Deception Pass is a strait separating Whidbey Island from Fidalgo Island. The first Europeans to see Deception Pass were members of the 1790 expedition of Manuel Quimper on the Princesa Real. The Spanish gave it the name Boca de Flon.  A group of sailors led by Joseph Whidbey, part of the Vancouver Expedition, found and mapped Deception Pass on June 1, 1792. George Vancouver gave it the name “Deception” because it had appeared to be a narrow bay instead of a strait.

The bridges are high up over the water, with beautiful vistas east and west. The sun was shining when we got there and we just sat and looked out, feeling the beauty invigorating our hearts, before riding on again, all the way up to Anacortes. We got there with only minutes to spare, and raced onto the ferry, which sailed right away.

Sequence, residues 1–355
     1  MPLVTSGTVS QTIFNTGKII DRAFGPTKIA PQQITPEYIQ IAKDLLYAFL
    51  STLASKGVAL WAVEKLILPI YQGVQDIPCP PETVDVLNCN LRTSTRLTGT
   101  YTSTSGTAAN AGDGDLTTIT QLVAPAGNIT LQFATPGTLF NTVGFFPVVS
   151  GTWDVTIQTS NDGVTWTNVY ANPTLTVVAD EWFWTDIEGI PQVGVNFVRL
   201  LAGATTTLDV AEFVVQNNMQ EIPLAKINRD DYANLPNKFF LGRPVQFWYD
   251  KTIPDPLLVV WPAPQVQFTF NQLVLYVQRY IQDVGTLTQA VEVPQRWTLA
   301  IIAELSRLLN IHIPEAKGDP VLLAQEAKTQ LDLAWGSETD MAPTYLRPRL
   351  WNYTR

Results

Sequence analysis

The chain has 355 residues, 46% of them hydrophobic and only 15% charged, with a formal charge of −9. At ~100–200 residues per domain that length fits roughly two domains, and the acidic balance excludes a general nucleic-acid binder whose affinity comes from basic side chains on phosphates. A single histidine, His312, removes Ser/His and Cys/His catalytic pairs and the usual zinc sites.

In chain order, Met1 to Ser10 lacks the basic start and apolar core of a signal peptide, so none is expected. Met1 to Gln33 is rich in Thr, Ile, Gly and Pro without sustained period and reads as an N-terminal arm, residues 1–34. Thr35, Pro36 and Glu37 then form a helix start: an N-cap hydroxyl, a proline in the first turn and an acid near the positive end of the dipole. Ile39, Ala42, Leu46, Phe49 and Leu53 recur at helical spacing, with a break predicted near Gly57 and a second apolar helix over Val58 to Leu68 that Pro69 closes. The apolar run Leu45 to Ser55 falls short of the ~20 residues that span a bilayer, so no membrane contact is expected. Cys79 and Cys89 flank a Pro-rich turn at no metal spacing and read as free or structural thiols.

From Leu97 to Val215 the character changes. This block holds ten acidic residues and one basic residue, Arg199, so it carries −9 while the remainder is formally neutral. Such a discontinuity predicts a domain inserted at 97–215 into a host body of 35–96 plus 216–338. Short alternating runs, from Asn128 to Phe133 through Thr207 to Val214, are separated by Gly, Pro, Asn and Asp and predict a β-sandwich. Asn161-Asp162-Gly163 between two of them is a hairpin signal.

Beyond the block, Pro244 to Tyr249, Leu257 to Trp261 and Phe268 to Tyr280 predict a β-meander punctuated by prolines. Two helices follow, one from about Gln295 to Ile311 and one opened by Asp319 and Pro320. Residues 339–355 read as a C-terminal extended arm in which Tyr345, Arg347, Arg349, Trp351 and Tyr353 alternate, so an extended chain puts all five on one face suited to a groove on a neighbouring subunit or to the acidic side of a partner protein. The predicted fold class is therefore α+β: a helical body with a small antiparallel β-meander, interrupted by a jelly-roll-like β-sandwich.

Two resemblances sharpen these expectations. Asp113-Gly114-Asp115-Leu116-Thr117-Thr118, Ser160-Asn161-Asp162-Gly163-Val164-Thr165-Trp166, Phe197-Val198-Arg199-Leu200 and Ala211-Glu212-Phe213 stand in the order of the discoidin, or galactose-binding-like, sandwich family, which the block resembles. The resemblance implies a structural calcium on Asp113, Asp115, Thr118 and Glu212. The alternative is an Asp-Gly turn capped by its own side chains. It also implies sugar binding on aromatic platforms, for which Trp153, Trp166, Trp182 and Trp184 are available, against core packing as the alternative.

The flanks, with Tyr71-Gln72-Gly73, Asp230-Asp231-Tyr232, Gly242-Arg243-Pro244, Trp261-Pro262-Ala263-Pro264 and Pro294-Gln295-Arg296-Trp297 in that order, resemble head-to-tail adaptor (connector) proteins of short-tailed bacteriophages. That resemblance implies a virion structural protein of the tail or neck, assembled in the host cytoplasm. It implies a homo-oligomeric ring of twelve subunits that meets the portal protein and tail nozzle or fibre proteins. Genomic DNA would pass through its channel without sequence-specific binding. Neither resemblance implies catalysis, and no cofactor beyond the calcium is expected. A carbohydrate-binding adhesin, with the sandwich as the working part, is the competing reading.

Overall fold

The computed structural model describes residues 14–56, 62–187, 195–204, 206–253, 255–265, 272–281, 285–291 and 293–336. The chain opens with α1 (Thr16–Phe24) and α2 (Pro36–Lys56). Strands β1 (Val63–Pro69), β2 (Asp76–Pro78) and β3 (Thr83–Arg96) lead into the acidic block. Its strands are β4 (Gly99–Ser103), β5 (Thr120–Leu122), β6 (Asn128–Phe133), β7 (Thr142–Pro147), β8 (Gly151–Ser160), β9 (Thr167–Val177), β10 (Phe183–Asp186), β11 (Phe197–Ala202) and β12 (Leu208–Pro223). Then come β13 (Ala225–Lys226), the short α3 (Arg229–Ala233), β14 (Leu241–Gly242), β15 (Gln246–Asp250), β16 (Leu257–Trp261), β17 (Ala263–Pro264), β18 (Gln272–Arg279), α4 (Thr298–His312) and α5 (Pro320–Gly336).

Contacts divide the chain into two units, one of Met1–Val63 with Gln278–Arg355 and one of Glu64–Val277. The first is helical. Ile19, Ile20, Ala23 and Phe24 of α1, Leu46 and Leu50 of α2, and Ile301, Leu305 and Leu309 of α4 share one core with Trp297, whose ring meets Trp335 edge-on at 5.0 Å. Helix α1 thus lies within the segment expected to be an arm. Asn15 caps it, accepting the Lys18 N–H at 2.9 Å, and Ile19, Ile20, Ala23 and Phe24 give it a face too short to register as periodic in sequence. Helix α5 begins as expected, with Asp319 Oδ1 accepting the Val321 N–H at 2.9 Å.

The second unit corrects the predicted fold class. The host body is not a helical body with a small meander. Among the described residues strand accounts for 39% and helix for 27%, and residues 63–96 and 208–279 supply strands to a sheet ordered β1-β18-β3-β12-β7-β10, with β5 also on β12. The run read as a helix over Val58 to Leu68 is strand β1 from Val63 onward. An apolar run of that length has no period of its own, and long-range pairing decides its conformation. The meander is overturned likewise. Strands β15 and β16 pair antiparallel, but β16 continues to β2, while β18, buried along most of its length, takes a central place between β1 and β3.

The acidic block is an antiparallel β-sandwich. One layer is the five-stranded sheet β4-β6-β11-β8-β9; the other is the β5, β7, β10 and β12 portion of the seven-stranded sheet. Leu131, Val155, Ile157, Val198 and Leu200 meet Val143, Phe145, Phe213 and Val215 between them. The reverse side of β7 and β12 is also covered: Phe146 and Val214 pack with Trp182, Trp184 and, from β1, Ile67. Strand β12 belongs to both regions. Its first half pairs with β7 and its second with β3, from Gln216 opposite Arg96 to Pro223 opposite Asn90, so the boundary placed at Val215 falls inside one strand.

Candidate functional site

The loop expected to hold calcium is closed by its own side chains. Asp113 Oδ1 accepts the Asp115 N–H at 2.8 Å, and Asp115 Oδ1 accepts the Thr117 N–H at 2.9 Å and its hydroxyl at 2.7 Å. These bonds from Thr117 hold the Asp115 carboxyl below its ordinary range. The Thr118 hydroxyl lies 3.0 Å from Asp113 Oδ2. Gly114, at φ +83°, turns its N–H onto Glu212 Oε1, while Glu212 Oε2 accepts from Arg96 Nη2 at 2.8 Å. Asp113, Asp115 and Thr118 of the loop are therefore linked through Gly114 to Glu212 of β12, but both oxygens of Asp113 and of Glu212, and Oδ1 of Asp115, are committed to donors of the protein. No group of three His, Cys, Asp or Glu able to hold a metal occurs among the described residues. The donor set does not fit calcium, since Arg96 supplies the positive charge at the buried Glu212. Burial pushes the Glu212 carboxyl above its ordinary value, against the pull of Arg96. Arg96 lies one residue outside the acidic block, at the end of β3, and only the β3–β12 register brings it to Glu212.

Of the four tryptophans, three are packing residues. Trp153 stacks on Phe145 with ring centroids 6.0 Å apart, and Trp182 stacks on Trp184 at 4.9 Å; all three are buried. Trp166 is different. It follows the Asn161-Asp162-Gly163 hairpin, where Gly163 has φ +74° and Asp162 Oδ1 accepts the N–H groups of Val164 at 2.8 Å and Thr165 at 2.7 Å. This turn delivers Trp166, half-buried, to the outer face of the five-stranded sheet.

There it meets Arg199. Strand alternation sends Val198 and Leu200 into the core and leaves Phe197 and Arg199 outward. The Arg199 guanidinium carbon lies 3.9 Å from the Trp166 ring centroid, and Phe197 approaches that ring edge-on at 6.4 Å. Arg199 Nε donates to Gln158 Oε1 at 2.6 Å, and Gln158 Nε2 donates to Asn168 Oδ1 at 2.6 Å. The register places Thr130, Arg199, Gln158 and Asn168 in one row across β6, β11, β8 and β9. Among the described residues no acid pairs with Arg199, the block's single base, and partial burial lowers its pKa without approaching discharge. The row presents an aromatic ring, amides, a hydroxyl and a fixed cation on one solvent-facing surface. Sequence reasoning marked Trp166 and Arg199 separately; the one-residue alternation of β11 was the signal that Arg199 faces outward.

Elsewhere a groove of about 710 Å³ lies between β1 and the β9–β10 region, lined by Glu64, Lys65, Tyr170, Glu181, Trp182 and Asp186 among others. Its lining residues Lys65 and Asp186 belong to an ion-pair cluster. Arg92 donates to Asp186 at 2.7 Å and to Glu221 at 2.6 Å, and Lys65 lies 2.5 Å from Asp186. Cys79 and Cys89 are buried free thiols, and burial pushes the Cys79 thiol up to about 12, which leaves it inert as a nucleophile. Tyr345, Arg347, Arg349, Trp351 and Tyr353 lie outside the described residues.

Once on the other side, we rode a short distance to the beautiful Lakedale campgrounds, situated on a series of fresh water lakes, in the middle of the island. We had originally planned to go to San Juan County Park. Unfortunately because we had an SUV along with us, we weren’t eligible for the Hiker-Biker sites and the regular sites were all full. Harold and I will definitely plan to camp there when we go there alone. That area is known to be the best place in North America to see whales from land.

That night we had dinner and drinks and them headed to bed. The guys in the site beside us had been drinking all day and were loud and obnoxious when we got there but thankfully they were all passed out early so we had a good nights sleep.


The next morning it was decided we weren’t going to make it to Orcas Island since the ferry schedule made it that we couldn’t get there until afternoon and we had a long ride to get back to South Whidbey. As we were packing up we saw a black fox. It was so exciting since I’d never seen one before. The interesting thing about the islands is since there aren’t any bears or wolves, or hunting, the wildlife is both abundant and not very afraid.

We spread out more along the way back, meeting in Deception Pass and Oak Harbour and finally at the campgrounds where we’d all met up Friday night. We changed, said our goodbyes and headed off for home.